When the legislative branch started publishing bills and resolutions online in 1995, it was heralded as a revolution in government transparency. The public at last had easy and immediate access to the text of legislation and citizens could better hold their elected officials accountable.
But technology has progressed quite a distance since then, and the internet has become a far more dynamic platform for information. Given the massive quantity of content produced on a daily basis by the government alone, transparency can no longer defined by the existence of information as text. Instead, transparency should be defined as the accessibility and usability of information as data.
So what exactly is the difference between text and data? Text is a series of static characters and words formatted to be presented in a certain way on a page. Humans are able to derive meaning from text by reading and understanding it, but computers can do little more than store it or display it for a human to read. Data is different. Data consists of pieces of information linked to identifiers and variables. When data is published in certain formats, computers are able to automatically find and compile specific, identified pieces of information. This saves humans countless hours and improves the accuracy and completeness of the information they gather.
To simplify, think about the difference between text and data in terms of information in the news. When a major weather event occurs, media outlets typically release articles about how the weather anecdotally impacted local individuals. These articles are text. Media outlets also release numbers and charts that show the temperatures and wind speeds over the same period of time. This is data. While the text may detail the effect of the event through an (implicitly or explicitly) editorialized lens, the data provides concrete information that consumers can apply widely and compile with other datasets to derive new meaning.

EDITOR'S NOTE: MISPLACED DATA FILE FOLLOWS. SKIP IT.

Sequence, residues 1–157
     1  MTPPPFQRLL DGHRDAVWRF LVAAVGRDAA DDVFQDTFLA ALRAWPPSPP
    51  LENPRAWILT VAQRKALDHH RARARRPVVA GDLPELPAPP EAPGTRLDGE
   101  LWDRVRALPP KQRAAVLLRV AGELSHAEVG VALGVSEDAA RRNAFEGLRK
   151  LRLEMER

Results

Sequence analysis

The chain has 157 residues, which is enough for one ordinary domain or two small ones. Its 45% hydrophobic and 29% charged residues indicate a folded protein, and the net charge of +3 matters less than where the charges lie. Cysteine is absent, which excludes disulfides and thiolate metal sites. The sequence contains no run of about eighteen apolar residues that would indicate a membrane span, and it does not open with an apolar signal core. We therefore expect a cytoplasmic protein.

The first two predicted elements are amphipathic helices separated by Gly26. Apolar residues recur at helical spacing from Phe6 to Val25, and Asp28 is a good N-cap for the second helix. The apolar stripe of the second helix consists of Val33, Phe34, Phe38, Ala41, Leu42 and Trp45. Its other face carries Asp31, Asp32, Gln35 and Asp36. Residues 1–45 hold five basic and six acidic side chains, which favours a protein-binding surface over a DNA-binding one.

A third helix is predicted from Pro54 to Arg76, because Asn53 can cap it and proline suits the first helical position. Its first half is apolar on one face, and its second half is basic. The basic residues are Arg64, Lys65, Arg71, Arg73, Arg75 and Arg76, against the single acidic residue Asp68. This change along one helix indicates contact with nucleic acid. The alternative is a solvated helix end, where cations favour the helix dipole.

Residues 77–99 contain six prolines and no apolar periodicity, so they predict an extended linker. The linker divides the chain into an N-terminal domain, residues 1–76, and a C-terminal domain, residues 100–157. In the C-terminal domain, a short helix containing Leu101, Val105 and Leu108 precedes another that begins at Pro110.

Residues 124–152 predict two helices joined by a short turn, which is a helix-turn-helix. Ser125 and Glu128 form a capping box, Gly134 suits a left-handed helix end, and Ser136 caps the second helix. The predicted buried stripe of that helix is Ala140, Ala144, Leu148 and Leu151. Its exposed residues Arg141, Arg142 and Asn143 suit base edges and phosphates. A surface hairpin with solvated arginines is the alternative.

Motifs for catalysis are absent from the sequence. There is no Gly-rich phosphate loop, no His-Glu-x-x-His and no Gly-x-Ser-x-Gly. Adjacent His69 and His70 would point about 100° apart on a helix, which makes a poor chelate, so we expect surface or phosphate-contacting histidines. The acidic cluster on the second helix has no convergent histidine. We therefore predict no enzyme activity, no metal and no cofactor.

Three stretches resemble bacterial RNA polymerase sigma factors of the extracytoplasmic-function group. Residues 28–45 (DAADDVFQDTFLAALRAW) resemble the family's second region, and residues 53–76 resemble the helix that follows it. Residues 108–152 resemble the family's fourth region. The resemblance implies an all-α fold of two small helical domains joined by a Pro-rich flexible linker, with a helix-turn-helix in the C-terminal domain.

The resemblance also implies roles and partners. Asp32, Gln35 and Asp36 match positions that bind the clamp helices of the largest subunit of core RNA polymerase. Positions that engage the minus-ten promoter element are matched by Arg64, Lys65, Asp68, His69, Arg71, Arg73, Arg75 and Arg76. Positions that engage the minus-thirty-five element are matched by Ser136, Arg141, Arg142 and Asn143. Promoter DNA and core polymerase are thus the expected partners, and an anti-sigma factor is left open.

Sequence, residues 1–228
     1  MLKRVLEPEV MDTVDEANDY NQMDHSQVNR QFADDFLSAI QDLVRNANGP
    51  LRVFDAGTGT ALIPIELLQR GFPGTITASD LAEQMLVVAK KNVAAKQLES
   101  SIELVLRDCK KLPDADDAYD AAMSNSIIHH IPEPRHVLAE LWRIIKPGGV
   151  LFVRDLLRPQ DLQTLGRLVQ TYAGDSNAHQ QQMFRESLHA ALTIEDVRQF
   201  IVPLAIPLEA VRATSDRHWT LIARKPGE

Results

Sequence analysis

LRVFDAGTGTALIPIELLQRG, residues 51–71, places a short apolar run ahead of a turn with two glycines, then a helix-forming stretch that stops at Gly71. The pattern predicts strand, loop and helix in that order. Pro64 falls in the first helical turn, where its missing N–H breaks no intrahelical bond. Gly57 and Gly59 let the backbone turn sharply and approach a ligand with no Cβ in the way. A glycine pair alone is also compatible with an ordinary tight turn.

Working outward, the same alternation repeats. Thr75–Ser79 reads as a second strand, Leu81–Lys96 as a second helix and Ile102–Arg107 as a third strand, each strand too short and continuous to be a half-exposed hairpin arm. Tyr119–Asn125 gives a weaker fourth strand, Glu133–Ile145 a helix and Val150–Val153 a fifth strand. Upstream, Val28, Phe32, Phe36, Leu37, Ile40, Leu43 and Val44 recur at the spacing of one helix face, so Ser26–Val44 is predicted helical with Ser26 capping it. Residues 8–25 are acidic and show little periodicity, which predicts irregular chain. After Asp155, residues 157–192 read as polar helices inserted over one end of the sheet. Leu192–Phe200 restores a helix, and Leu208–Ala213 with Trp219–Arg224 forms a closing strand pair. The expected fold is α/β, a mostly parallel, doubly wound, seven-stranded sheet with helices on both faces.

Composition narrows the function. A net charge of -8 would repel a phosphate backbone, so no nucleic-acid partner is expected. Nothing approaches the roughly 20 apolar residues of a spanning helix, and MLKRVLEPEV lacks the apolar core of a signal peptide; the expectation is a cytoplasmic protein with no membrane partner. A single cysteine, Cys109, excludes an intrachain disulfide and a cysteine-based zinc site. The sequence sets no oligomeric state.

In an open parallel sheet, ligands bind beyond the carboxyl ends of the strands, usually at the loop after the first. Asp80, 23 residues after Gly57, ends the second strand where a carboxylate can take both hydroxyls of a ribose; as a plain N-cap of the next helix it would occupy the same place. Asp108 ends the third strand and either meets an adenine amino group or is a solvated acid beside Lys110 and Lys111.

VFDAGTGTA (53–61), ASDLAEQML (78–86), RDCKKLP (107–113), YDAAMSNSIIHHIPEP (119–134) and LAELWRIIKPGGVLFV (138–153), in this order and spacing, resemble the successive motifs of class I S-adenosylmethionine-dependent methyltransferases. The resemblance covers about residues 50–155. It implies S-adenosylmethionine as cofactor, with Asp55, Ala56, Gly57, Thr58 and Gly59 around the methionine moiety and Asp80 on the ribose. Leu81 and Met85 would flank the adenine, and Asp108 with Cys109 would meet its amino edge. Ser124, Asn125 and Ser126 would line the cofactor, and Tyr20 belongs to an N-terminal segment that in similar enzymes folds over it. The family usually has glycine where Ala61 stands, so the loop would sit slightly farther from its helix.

So what would this text-to-data transform mean for Congress? It would mean releasing official documents, membership information, committee reports, and other pieces of legislative information in formats ready for computer processing; establishing authoritative identifiers for the many entities involved in governmental processes; and having that content available for download from a machine-crawlable location.
Despite notable effort in some quarters, Congress unfortunately has not kept up with these data demands. As of now, legislative data is difficult to access, outdated, and low quality. Private developers who build software around this data must inefficiently pull from multiple sources, amplifying the potential for errors, inconsistencies, and inaccurate information. While recent improvements in data accessibility have been encouraging developments (including various new bulk data downloads from the Government Printing Office), they do not adequately support today’s data processing capabilities.
Not only do developers deserve better, the public deserves better.
The Congressional Data Coalition seeks to bring together programmers, data scientists, activists, and policy experts of all ideologies to encourage Congress to improve the access and usability of legislative data. This will allow developers and civic hackers to provide consumers with more authoritative, reliable, and timely information on the on-goings of Congress, leading to a more transparent government and better informed public.
It is time for Congress to free its data.